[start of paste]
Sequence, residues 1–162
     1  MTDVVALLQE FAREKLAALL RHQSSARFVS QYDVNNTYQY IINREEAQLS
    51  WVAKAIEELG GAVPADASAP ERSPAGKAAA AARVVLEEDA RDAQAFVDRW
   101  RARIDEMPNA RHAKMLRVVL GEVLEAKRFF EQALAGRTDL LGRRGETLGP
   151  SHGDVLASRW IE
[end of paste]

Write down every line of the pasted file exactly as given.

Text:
Sequence, residues 1–162
     1  MTDVVALLQE FAREKLAALL RHQSSARFVS QYDVNNTYQY IINREEAQLS
    51  WVAKAIEELG GAVPADASAP ERSPAGKAAA AARVVLEEDA RDAQAFVDRW
   101  RARIDEMPNA RHAKMLRVVL GEVLEAKRFF EQALAGRTDL LGRRGETLGP
   151  SHGDVLASRW IE